Fig. 7
figure 7

Scheme of diffraction grating recording: DPSS—laser; SF and L—collimator; BS—beam splitter; M—flat mirrors; S—registering media (sample); LD—LED; PD—registering unit

Fig. 8
figure 8

AFM image of recorded holographic grating using As2S3:Mn–Se nanomultilayers. Spatial frequency ~900 mm−1

Fig. 9
figure 9

The morphology of surface diffraction gratings recorded on As2S3:Mn–Se nanomultilayers. Spatial frequency ~1500 mm−1, relief height ~26 nm

Kinetics of grating recording has shown dependence on laser beam polarization. During grating recording in such media (Fig. 10), recording process includes photostimulated changes of refractive index, volume expansion, and mass transfer. The process of grating recording using As2S3:Mn 2 wt.% layers begins right after switching on the laser illumination. A rapid increase of diffraction efficiency η of the grating is observed at the beginning of the recording process (Fig. 10, curve 4). After reaching the maximum, a η decrease of gratings follows.

Fig. 10
figure 10

Kinetics of holographic grating recording. As2S3:Mn 2 wt.%–Se nanomultilayer structures: 1—S polarization, 2—circular polarization, 3—±45° polarization. As2S3:Mn 2 wt.% layers: 4—S polarization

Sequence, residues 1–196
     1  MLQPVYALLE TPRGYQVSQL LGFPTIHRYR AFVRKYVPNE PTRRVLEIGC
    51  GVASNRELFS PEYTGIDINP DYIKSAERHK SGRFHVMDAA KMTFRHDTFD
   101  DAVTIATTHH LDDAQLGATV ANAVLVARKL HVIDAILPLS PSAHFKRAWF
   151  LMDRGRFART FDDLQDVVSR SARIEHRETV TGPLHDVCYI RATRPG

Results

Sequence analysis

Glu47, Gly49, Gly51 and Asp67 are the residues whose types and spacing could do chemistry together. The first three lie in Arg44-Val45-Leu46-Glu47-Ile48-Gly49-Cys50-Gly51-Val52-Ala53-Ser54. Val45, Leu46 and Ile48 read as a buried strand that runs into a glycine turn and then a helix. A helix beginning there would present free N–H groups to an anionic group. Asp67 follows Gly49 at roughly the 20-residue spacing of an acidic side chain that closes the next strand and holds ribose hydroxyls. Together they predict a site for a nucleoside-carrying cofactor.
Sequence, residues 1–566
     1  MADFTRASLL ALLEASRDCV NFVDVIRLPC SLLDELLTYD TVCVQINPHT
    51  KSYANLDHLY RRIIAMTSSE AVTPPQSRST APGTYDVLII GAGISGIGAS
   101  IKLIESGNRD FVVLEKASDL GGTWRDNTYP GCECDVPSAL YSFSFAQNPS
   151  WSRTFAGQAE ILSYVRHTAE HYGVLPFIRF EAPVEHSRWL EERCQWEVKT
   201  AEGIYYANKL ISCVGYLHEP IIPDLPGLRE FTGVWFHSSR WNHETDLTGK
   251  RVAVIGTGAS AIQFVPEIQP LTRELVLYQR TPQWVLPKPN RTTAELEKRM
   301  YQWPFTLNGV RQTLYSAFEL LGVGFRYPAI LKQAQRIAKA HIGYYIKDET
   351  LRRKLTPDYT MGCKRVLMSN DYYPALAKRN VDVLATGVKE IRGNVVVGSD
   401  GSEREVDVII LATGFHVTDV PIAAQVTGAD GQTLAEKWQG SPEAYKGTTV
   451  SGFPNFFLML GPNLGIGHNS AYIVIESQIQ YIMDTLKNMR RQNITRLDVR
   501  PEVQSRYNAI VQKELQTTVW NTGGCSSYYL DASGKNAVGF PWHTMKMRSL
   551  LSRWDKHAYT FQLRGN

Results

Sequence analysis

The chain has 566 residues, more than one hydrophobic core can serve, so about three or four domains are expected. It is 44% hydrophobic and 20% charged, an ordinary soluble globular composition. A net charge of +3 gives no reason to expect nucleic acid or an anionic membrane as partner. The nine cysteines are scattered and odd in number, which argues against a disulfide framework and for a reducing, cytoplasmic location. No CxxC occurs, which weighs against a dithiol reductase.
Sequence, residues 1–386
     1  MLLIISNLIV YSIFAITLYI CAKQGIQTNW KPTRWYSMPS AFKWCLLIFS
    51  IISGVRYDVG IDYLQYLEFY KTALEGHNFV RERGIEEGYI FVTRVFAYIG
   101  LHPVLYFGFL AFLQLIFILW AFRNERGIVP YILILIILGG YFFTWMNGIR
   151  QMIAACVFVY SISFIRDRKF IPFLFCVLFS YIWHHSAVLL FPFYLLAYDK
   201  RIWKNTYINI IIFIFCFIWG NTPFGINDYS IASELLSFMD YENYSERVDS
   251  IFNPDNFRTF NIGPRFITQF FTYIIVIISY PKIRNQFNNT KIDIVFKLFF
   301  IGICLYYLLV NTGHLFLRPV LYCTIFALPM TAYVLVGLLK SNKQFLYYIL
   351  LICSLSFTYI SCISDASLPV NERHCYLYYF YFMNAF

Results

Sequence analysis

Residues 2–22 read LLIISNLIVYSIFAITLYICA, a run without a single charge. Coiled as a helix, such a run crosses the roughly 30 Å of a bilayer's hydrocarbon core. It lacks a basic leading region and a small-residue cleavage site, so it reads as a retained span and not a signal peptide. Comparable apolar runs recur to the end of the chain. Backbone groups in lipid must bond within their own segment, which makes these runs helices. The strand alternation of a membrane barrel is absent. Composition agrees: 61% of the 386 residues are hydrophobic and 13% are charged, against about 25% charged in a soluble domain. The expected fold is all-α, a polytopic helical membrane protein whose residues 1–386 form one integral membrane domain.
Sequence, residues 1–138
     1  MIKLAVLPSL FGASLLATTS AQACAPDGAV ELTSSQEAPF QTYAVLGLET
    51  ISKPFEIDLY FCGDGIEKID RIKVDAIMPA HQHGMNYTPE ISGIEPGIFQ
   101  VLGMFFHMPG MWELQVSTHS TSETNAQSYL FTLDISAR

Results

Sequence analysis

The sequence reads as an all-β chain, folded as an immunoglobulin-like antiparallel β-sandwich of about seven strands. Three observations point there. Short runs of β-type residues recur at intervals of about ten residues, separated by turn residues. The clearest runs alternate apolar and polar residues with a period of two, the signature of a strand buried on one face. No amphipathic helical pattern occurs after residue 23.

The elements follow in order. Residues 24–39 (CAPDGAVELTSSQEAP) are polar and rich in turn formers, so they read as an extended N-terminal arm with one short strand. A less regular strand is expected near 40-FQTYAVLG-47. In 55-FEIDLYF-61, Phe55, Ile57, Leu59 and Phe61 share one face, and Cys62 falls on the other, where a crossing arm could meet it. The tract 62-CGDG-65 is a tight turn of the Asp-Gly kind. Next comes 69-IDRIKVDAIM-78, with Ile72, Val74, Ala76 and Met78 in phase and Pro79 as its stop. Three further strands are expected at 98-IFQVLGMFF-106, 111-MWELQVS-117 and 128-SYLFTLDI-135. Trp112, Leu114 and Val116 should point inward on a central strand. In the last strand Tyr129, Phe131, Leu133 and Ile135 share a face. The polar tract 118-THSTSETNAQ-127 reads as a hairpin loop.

The light polarizations in this experiment were to the grating vector (S polarization), the left–right circular polarization (L–R), and the linear polarization at +45° direction in one writing beam and –45° in the other one. Under the holographic recording using the two linear (S–S) polarized beams or L–R polarizations, we observed at initial stage of exposure linear dependence of η growth on time of exposure with a further stage leading to saturation (Fig. 9). The two linear polarized beams falling on the sample surface under angles of polarization (+45° to −45°) produce the linear dependence of η growth according to our measurements. Dependence of holographic grating recording on polarization of recording beams when using nanomultilayer structures on the base of chalcogenide glasses was also observed for other compositions of nanomultilayer structures [25, 27].